Friday, May 27, 2005

When Your Laws Aren't My Laws

The University of New Mexico School of Law recently released its most recent volume of its Tribal Law Journal. "The purpose of the Tribal Law Journal is to promote indigenous self-determination by facilitating discussion of the internal law of the world’s indigenous nations. The internal law of indigenous nations encompasses traditional law, western law adopted by indigenous nations, and a blend of western and indigenous law. Underscoring this purpose is the recognition that traditional law is a source of law."

It makes for good reading. Here's my recommendations:

Tribal Law as Indigenous Social Reality and Separate Consciousness [Re]Incorporating Customs and Traditions into Tribal Law by Christine Zuni Cruz "explores the reflection of traditional legal concepts and values in enacted laws of indigenous nations. The premise of this article is that "an indigenous nation’s sovereignty is strengthened if its law is based upon its own internalized values and norms." Zuni-Cruz’s article questions the impact of enacted western laws on indigenous communities’ people and culture."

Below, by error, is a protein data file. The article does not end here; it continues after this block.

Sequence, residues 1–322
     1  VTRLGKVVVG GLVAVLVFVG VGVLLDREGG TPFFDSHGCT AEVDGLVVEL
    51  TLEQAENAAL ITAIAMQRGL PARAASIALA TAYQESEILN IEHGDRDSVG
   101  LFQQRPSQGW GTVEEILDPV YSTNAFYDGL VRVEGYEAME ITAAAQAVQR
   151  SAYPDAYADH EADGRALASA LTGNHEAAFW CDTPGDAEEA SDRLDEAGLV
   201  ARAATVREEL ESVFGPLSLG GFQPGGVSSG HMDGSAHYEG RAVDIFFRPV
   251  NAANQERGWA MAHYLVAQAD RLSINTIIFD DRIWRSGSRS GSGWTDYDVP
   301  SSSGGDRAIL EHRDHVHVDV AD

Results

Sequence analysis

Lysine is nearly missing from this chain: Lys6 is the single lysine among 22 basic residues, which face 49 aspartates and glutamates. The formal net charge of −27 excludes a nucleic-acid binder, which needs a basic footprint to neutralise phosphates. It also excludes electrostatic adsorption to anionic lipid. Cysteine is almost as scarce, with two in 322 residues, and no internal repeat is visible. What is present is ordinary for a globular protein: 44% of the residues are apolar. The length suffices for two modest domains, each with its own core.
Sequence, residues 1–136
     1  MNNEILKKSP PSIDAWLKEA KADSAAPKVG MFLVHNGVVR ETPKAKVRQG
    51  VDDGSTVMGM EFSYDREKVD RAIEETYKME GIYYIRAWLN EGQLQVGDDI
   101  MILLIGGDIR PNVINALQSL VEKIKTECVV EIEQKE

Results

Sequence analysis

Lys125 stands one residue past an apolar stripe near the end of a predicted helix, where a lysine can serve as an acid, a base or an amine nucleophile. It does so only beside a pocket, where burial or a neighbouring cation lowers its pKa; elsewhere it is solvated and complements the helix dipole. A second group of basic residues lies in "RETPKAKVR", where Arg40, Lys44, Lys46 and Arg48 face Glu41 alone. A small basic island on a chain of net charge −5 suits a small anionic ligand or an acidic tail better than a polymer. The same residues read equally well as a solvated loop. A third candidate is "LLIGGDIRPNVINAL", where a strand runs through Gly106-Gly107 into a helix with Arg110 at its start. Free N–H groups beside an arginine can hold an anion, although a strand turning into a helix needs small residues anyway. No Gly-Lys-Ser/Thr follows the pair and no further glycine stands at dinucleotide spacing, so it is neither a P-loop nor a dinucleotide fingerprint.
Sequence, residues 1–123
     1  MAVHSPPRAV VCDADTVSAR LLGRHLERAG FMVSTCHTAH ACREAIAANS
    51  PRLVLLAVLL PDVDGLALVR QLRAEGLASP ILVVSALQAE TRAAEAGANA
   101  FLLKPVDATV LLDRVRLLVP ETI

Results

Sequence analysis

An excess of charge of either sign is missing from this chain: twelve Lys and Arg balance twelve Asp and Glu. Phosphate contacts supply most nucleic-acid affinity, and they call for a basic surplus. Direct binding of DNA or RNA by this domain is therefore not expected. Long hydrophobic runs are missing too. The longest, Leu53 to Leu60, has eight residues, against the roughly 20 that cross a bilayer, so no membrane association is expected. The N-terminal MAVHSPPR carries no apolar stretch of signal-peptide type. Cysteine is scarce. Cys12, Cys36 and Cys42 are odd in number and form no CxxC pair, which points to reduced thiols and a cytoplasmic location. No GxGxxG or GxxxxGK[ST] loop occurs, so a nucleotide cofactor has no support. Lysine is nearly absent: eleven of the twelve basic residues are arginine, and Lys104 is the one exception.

Troublesome Aspects of Western Influences on Tribal Justice Systems and Laws by Alex Tallchief Skibine "provides readers with an overview of the colonial process by which tribal written law resembles the legal structures of the states and the federal government. Skibine’s article highlights why and how tribal court systems have been influenced by western law, as well as the problems associated with the integration of tribal justice systems into the U.S. political system."

The Status of Traditional Indian Justice by Agustin Grijalva "discusses constitutional reforms in Ecuador that recognize traditional Indian law and traditional Indian authorities as collective Indian rights. This article explores the historical background of the constitutional reforms, how these reforms might affect the current Ecuadorian judicial system and some potential problems in administering these reforms."

Diné Bi Beenahaz’áanii: Codifying Indigenous Consuetudinary Law in the 21st Century by Kenneth Bobroff : "The fundamental laws of the Diné, "the People" in the Navajo language, were placed by the Holy People long before Spaniards arrived in the New World. Since Coronado first traveled to Navajo Country almost five centuries ago, Diné have resisted European assaults on Navajo Law. On November 1, 2002, the Navajo Nation Council acknowledged the survival of the fundamental laws of the Diné, recognizing four specific constituent elements "traditional law, customary law, natural law, and common law" and explaining the principles of each."

Read all the articles here.


Post a Comment

<< Home